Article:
Traktung Rinpoche, also know as Traktung Yeshe Dorje and Traktung Khepa, is an American siddha and teacher of the methods for the realization non-duality and wisdom bliss. As a master of Vajrayana Buddhism and Dzogchen, and the incarnation of the 19th century siddha Do Kyentse Yeshe Dorje, and Speech incarnation of Dorje Trollo, Traktung Rinpoche manifests Buddha's teachings in myriad forms to benefit beings through the power of his enlightened Mind. While he primarily teaches the path of Inner Yogas according to the Nyingma (Old School) Lineage of Tantric Buddhism originating in the Eighth Century and earlier, Rinpoche is also able to guide students according to other esoteric systems such as Inquiry, Advaita Vedanta, esoteric Christianity or Kabbalah.
He was born in 1959 in Washington D.C., given name Stuart Kirpatrick, to parents Jean and Evron Kirkpatrick. As a child, his spiritual longings and abilities became apparent at a very early age. Both parents were professors at Georgetown University and his mother, Jean Kirpatrick became United States Ambassador to the United Nations under Reagan. His father Evron was instrumental in the formation of the Central Intelligence Agency or C.I.A. He did not take after his parents' political interests, and instead chose to pursue a spiritual life outside of worldly concerns. After graduating from Kenyan College with a degree in Comparative Religion, Kirkpatrick continued to fervently pursue his path to spiritual awakening. Living in an ashram and participating in the spiritual work of Osho, Krishnamurti, Sufi Masters, Zen Roshis, Hassidic masters, Gurdjieff and others, he gained a deep appreciation of the various spiritual currents present in contemporary life. Eventually he met his Guru from previous lives, Thinley Norbu Rinpoche. All of this understanding played a critical role in his approach to presenting spiritual teachings, and the foundation the Ann Arbor-based Vajrayana Buddhist community at Tsogyelgar Dharma Center. Tsochen Khandro is Rinpoche's wife and khandro, and she also teaches and guides students according to her intuitive wisdom and with her beautiful singing voice, which gives form to the doha songs and sadhana recordings. Sangchen Tsomo and Sky are also part of the Arya Sangha, who having attained full spiritual realization, and guide beings to liberation with their musical recording of songs of realization and art.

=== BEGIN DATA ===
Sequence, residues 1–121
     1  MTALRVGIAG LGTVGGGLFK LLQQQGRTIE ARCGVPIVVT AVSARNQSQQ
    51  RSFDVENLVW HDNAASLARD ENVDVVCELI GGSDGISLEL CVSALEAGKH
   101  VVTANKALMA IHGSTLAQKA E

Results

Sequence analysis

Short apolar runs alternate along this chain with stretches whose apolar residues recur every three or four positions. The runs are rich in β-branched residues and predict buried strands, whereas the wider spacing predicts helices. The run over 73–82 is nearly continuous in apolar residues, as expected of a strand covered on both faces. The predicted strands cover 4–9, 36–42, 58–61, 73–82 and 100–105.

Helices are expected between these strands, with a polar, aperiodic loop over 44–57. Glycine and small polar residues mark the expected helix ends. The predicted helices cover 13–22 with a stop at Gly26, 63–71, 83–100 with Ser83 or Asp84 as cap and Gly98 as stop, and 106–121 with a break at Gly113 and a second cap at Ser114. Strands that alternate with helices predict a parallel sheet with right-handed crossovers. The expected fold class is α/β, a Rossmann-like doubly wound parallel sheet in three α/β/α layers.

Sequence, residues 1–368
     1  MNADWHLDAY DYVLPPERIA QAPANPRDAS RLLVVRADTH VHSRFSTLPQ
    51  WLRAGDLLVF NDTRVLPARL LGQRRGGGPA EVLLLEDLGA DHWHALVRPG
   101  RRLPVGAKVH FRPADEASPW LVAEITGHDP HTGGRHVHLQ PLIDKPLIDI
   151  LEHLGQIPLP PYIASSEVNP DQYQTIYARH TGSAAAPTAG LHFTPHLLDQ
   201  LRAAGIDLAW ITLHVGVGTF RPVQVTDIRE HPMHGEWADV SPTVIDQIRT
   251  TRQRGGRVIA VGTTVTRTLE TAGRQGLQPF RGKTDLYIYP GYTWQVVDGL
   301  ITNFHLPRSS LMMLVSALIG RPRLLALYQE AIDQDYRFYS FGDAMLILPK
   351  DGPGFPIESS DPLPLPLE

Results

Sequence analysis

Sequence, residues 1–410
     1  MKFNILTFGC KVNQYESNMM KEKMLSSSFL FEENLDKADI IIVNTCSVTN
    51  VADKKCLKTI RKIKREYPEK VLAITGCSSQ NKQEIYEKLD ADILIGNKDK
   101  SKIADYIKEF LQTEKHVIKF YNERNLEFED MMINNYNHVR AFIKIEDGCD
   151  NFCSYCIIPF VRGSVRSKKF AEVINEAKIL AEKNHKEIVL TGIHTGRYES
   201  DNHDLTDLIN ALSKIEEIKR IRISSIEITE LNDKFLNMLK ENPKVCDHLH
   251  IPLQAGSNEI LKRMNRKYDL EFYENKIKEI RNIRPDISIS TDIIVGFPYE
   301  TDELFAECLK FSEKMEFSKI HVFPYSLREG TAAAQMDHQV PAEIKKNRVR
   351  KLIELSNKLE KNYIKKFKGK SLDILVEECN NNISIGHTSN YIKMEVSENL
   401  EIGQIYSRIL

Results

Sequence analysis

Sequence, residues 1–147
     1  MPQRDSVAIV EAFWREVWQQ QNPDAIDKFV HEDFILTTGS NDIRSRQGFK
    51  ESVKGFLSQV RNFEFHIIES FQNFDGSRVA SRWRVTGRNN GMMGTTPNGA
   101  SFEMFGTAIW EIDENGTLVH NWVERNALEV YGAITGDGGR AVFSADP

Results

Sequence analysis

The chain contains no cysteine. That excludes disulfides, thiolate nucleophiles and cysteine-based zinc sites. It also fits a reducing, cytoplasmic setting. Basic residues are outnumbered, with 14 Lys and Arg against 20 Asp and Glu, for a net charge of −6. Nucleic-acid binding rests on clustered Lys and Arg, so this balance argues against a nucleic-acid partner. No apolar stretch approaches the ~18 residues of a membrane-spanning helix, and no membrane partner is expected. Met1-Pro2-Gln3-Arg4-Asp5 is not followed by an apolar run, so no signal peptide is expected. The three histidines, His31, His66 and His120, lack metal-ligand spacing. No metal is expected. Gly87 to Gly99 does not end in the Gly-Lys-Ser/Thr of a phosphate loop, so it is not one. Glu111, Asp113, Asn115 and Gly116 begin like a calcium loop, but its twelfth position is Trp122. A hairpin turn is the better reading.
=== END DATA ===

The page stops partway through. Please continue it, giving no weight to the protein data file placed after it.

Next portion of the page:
- Traktung Rinpoche, Dharma Dictionary.
- What is Tantra, an interview with Tantric Master Prem Pranama, Ralph Abrams, 1994
P: "Tantra is the hot blood of spiritual practice. It smashes the taboo against unreasonable happiness; a thunderbolt path, swift, joyful, and fierce. There are many different types of paths. Some touch you like a gentle spring rain, but Tantra is the wild summer thunder storm churning with creation, destruction, bliss and emptiness. Tantra is a wild mother tiger - if you approach her with right motivation, right intention, and integrity, she'll suckle you at her breast; but if you come to her in a sloppy way, she'll rip apart your body-mind, eat you for dinner, and shit out what's left."
- Interview with Lama Traktung Rinpoche, Spiritual Traveler, 2001
"I had little idea what to expect. The entrance hall was already hung with dozens of coats as I came in, and the meeting hall, colorfully decorated with Tibetan wall coverings, was packed with over 60 people, mainly sitting cross-legged on the floor, some in chairs against the back wall. The two lamas entered, their palms pressed together, fingertips pointed upward, in a traditional Eastern greeting. They were dressed in broad, white skirts with maroon sashes slung over their shoulders. Lama Traktung Rinpoche was a heavy-set man in his early forties, with fair skin, blonde hair, a moustache, short-cropped goatee, and wearing a pair of ivory earrings. A'dzom Rinpoche, who preceded him to the dais, was also very fair-skinned, almost Nordic in appearance. The assembly bowed and began a chant that lasted for five or ten minutes, some with liturgical books open before them, but most singing the Tibetan words by rote in remarkable unison."
Tsogyelgar Dharma Center. (2007). Tsogyelgar Website. Accessed 11/20/07 from http://www.tsogyelgar.org